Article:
Your Agency: Inside/Out
Everything your agency wants you to know but won’t tell you because they don’t want you to fire them.
A Forbes study* shows that only 41% of all marketing clients have a positive view of their agencies. Only 38% report they are satisfied with their agencies. But it doesn’t have to work this way.
Here at Push, we’d like to present a series of articles to help clients better understand and work with their agency. You’re welcome.
Now the eighth in our eight-part installment…
In our first blog we referenced John Gottman’s, Why Marriages Succeed or Fail, citing that the devolution of an agency relationship can sometimes mirror that of any personal relationship. It’s easy for expectations to not be met. Or to feel like needs are not being heard, respected or appreciated.
But all is not gloom and doom. The beauty of strong agency relationships is that they are mutually beneficial. In this series we’ve attempted to give you insight into the inner workings of an agency so you can better anticipate the headaches and heartaches that inevitably come. Here is a list of the top seven things you can do to make sure your relationship remains healthy and prosperous. It’s the summary of our previous seven articles in this series.
- Agencies are golden retrievers. A pat on the head goes a long way. A savvy client knows sincere appreciation is the glue that holds an agency relationship together. Say it, text it, e-mail it, phone it, LinkedIn it, skywrite it, shout it from the rooftops. As the old treatise from the 60 Second Manager says, “Catch someone doing something right and praise it”.
- Make your expectations very clear. When you begin an agency relationship, acquaint them with your work style and how best to communicate with you. Give a lot of feedback in the first weeks so the agency can adjust their project management style to your needs. Don’t assume we work the same way you do. Matter of fact, assume the opposite. The more you tell us, the better we’ll be.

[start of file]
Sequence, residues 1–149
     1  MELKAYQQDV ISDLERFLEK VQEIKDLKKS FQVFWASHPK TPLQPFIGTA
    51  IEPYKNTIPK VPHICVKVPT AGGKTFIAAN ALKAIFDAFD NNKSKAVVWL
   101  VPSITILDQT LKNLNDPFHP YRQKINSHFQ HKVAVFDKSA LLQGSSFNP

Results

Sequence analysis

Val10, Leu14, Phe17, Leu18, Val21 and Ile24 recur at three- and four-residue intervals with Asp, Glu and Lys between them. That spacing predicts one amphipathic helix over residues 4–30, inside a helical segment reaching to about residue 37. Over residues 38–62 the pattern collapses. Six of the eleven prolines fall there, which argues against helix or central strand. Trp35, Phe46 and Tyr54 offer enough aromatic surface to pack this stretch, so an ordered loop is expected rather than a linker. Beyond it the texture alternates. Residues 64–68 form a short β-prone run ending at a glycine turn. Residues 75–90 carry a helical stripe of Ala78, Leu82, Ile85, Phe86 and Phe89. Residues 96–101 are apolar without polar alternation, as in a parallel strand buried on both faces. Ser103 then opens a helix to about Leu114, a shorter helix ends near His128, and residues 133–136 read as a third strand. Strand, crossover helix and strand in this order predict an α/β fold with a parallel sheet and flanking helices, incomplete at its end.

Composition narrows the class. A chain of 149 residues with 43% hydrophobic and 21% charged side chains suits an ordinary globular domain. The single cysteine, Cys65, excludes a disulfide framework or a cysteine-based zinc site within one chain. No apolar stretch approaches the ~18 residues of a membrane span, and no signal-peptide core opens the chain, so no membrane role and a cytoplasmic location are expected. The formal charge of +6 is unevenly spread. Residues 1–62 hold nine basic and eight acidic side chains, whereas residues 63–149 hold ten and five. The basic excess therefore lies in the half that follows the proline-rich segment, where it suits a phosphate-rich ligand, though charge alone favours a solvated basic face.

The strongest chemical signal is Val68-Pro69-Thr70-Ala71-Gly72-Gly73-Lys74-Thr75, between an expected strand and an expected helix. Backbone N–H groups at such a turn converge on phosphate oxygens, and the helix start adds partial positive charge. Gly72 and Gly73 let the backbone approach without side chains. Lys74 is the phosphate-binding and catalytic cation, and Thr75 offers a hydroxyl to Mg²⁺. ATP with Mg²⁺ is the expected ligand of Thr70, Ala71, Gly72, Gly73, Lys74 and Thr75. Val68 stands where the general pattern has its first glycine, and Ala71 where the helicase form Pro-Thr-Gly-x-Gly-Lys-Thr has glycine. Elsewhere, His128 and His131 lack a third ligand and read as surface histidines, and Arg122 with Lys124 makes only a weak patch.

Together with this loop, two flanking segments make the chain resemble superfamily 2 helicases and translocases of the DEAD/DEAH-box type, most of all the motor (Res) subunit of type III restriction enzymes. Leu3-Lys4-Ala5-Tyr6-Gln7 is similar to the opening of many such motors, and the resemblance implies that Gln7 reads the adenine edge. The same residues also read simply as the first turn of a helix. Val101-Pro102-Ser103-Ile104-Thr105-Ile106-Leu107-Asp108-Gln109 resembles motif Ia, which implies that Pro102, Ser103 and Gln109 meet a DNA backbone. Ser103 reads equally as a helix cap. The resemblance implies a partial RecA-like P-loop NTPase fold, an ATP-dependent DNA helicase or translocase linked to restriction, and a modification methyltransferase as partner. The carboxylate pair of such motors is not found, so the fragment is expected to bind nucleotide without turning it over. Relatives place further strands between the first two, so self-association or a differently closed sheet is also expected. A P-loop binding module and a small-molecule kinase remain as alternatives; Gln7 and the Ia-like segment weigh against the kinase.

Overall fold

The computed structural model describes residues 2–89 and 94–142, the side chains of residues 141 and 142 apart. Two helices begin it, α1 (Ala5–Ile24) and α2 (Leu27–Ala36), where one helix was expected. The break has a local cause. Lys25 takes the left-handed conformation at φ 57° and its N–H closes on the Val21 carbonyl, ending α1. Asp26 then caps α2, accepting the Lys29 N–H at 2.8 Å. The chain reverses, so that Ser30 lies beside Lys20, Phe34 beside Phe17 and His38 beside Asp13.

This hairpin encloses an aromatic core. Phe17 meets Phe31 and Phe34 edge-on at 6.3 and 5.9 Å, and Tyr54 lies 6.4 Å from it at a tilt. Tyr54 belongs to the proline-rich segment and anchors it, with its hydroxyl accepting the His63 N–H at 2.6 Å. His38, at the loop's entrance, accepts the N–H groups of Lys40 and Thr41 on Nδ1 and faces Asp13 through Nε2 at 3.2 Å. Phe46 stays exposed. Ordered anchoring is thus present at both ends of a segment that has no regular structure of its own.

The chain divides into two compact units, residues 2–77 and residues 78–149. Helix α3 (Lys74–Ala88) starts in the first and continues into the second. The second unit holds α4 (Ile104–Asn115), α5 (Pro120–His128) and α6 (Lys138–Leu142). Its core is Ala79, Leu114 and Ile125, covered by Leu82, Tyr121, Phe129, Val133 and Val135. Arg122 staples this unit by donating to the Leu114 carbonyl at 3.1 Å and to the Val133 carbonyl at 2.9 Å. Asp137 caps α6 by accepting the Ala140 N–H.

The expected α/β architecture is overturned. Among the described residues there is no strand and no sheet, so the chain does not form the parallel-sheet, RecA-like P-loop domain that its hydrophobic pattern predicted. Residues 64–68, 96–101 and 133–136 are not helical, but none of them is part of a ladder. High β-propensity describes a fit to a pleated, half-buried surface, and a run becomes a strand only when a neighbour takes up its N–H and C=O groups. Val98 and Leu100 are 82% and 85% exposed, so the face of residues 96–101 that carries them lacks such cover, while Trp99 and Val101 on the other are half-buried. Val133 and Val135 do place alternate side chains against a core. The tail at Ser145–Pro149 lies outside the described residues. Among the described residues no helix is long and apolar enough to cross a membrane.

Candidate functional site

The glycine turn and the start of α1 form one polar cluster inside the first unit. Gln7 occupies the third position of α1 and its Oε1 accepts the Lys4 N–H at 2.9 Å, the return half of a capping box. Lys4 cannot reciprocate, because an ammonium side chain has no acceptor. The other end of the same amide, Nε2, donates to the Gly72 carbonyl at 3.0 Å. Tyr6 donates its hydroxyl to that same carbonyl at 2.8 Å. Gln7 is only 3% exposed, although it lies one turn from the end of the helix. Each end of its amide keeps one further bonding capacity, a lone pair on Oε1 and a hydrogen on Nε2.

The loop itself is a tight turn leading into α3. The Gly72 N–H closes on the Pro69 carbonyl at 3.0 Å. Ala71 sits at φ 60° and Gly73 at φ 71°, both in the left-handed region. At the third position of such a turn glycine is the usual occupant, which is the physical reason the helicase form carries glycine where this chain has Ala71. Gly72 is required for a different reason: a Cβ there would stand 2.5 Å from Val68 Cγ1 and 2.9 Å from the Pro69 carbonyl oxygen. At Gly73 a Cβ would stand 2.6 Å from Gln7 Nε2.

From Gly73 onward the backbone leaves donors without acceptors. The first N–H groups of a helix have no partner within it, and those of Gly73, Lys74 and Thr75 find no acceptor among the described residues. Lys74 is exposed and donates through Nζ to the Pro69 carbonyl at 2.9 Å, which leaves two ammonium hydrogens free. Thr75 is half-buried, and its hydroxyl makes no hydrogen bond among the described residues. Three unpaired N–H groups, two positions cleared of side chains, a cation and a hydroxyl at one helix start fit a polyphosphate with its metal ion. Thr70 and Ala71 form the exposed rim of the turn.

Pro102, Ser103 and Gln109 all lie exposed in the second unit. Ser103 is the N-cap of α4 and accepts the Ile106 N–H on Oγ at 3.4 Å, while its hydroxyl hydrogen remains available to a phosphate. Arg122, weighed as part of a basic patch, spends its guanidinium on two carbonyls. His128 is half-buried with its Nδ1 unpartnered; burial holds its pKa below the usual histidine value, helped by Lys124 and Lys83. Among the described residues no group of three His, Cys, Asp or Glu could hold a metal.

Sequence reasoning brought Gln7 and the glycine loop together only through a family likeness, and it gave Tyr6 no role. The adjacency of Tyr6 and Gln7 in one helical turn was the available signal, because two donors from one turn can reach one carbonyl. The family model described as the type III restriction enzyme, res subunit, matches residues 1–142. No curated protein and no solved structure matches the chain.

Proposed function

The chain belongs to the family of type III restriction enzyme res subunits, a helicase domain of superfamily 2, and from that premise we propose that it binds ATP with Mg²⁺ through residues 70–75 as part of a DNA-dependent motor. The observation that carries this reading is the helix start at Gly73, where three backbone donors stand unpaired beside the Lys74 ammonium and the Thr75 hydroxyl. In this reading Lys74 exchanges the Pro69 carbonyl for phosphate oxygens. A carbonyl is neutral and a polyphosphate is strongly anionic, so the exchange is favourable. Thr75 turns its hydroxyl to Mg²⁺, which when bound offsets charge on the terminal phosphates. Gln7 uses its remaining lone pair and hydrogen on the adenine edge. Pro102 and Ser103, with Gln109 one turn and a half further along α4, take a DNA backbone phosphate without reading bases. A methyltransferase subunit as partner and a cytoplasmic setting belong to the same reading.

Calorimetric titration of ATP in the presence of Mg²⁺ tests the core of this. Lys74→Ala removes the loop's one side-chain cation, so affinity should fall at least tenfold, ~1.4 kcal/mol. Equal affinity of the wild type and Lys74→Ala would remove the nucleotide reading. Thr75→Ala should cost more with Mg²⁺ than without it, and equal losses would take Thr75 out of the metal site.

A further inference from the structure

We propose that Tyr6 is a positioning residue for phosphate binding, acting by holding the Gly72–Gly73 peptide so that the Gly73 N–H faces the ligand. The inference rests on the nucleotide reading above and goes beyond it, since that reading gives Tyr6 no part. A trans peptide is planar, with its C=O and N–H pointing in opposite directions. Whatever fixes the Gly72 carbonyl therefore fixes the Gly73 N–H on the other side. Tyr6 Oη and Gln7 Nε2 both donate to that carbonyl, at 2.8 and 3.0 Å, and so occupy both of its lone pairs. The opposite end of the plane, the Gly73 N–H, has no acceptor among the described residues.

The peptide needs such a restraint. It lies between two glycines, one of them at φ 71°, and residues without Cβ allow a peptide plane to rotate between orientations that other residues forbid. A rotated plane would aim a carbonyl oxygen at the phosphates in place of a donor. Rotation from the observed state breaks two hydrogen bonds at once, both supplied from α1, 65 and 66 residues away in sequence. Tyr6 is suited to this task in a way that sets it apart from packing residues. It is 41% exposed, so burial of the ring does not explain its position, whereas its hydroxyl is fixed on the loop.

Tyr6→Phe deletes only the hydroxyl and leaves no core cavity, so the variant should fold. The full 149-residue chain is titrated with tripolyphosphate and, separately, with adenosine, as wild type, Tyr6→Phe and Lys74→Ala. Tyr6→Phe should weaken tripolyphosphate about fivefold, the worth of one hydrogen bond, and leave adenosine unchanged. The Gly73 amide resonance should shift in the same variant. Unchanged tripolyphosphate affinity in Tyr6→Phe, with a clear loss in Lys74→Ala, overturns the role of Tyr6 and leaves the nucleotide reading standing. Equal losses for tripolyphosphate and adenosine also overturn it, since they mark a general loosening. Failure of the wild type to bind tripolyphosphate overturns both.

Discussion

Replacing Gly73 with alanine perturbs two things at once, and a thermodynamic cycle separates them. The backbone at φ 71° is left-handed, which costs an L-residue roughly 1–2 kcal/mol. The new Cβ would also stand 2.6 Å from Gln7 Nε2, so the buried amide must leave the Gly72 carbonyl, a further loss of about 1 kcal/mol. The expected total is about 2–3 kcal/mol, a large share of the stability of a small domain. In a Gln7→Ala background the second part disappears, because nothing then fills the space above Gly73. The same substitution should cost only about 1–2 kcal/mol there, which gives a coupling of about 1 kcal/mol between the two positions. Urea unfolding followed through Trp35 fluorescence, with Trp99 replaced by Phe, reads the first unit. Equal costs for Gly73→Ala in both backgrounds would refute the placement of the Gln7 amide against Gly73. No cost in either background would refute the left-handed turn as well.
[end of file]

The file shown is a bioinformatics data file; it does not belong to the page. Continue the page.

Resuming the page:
- A little humor goes a long way. Most agency-types fell into this business because the the corporate world was too stuffy. We are all pretty loose in our style, even though we can button it up for the board room when needed. We appreciate even the driest attempt at humor. Having a sense of humor with your agency is like trying to speak French when in Paris. Even if you’re not good at it, the French appreciate your willingness to try.
- Deadlines drive everything we do. In Blog 7 of the series we stated that fully half of the projects we receive have deadlines that are tight, tight, tight. We live by this mantra, “If you can just do what you say you’re going to do, you’ll be wildly successful”. Help us help you. Be crystal clear with your agency. Tell them what you need and by when.
- It’s not about the money. Then again, we’re not running a non-profit here. Don’t make budgets a Waterloo. The goal of every agency is to grow so close to the client a mutual trust around budget planning is fostered. In Blog 4 of the series we talked about the budget “Who’s on First”. It’s always fair to push back on budgets, but listen to the agency’s point of view. Or, to quote Ronald Regan, “Trust, but verify”.
- Client relationships aren’t built over lunch. Good account relationships don’t start out as social outings. The best client relationships are built in the trenches. Delivering successful projects day in and day out. We agency types are definitely relational. But we also know that a relationship with you must be earned.
- Have fun. Working with your agency should be the highlight of your day. After all, when do you ever get time and space to think creatively about your work, with people who are there to help facilitate your success? If it’s not fun for you, it’s probably not fun for your agency either.
Thanks for being a part of our Inside/Out series. Please share it with your colleagues if you’ve found it interesting. As an old Hindu proverb states “Only through suffering do we become wise”. If that’s the case, the Principals at Push have all kinds of wisdom to share.
Coming soon: Agency Personae’s: Profiles in Courage.
Don Low is a principal at Push. When he’s not working, he’s flip-turning laps in a pool, riding his road bike, rooting his kids on or deciding what to make for dinner.